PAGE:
If there is one thing that I walked away from my 19th Undergraduate Senate experience knowing for certain, it is that Stanford’s administration (President, Provost, Vice Provosts and their staff) requires student leaders who are willing to work collaboratively within existing systems to make change happen. This is not to say that existing systems should remain or that activism does not have a place in the ASSU, but rather that the most sustainable and lasting change comes about when students are able to bridge the gap between themselves and the administration. It is no coincidence that some of the movements that we have seen during the last years at Stanford have stalled while others, like the Serra-renaming, have moved forward. Activism is central to change on Stanford’s campus, especially as evidenced by SCOPE 2035 in the GUP process. However, the most effective models of leadership I have seen have been centered around a model in which the ASSU representatives have a different role than the activists: that of active student-administration collaboration within the university’s channels.
Following last February’s announcement of the inaugural Knight-Hennessy Scholars program cohort, the program, which is the largest fully-endowed graduate studies program in the world, announced two additional Scholars earlier this year. This brings the total count from 49 to 51.
Located in Downtown Palo Alto, HanaHaus is a creative space designed to give freelancers, entrepreneurs and investors a place to work and collaborate. Built on top of the historic Varsity Theatre, the co-working hub was launched by software company SAP in 2015 to promote innovative thinking among creators.
At WonderCon Anaheim 2018, the Stanford Daily had the opportunity to interview a wide variety of industry professionals. The following roundtable interviews were performed and recorded: 1. Ariela Barer and Emily Coutts (actors, Marvel’s “Runaways” and “Star Trek: Discovery,” respectively) 2. Sean Callery (Four-time Emmy Award-winning composer, “Jessica Jones,” “Homeland,” “Elementary,” “24”) 3. Ruth Carter…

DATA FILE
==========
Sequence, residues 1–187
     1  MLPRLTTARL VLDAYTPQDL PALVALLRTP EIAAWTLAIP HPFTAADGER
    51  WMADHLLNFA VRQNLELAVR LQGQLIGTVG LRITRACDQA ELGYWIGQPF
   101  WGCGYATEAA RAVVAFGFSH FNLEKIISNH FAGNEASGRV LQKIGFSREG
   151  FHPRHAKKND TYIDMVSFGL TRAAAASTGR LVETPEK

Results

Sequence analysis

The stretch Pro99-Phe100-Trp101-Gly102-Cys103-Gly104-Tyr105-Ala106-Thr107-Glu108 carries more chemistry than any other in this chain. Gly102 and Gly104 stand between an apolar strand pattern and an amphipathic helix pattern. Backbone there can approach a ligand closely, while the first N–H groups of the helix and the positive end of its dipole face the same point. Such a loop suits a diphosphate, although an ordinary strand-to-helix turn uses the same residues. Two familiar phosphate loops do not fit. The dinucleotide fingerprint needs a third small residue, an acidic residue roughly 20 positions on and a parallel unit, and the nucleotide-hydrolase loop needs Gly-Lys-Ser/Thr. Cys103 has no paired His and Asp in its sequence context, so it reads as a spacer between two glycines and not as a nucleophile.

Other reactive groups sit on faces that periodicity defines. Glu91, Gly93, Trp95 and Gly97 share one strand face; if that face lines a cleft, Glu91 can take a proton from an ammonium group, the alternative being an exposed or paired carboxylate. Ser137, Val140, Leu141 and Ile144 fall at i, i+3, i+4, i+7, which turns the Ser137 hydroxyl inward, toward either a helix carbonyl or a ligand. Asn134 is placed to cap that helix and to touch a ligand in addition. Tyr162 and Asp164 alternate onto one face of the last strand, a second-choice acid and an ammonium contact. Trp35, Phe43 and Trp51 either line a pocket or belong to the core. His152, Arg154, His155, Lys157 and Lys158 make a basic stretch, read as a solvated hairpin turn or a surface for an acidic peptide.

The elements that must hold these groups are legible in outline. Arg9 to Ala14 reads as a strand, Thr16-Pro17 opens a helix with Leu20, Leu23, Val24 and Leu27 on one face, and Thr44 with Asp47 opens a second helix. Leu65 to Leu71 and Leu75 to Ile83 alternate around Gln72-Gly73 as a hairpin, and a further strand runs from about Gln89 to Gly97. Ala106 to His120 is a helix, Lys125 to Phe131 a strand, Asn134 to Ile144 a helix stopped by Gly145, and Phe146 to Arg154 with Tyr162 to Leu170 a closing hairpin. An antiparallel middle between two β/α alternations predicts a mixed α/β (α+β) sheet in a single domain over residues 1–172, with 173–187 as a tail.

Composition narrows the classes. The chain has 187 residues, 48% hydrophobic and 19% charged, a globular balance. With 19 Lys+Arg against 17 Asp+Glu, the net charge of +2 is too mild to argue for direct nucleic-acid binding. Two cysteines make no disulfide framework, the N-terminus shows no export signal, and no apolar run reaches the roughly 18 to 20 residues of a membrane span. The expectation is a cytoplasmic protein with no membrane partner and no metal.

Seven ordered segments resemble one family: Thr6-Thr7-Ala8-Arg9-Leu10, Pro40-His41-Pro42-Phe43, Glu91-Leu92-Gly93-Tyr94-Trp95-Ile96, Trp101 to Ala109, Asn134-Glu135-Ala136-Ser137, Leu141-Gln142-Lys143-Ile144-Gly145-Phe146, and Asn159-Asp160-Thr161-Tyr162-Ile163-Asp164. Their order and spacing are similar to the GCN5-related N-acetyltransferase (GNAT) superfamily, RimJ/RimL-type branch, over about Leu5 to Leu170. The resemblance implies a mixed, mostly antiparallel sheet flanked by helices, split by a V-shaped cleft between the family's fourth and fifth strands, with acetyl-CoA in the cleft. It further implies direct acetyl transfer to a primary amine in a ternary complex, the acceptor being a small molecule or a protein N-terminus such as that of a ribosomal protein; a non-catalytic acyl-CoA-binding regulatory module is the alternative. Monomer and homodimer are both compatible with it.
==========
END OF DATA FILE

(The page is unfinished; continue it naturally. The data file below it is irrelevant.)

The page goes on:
Attendees at the annual Silicon Valley Energy Summit (SVES) on Thursday, Jun. 21 worked to develop plans that may enhance energy efficiency, both in the United States worldwide.
On April 14th, the Associated Students of Stanford University (ASSU) elections commission announced that Shanta Katipamula ’19 and Graduate School of Education Ph.D. candidate Rosie Nelson would be the next executives of the ASSU for the 2018-2019 academic year. Katipamula and Nelson comprised the second undergraduate-graduate slate in ASSU history.
The Shanta-Rosie slate won 61.92 percent of the vote, more than twice as much as the second place slate, which earned 27.3 percent. The winners made connecting undergraduate and graduate students a central component of their platform.
On Sunday, Apr. 8, two of the three executive slates running for the 2018-2019 ASSU presidency and vice presidency participated in a debate co-hosted by The Stanford Daily and KZSU. Shanta Katipamula ’19 and Ph.D. candidate Rosie Nelson (the Shanta-Rosie slate) debated Khaled Aounallah ’19 and Michael Ocon ’20 (the Khaled-Ocon slate) for approximately an hour while KZSU’s Caleb Smith ’17 M.A. ’18 and The Daily’s Yasmin Samrai ’21 moderated.
The Association for Computing Machinery (ACM) presented its annual Turing Award to former Stanford President John Hennessy in honor of his work designing efficient computer architectures that advanced the microprocessing industry.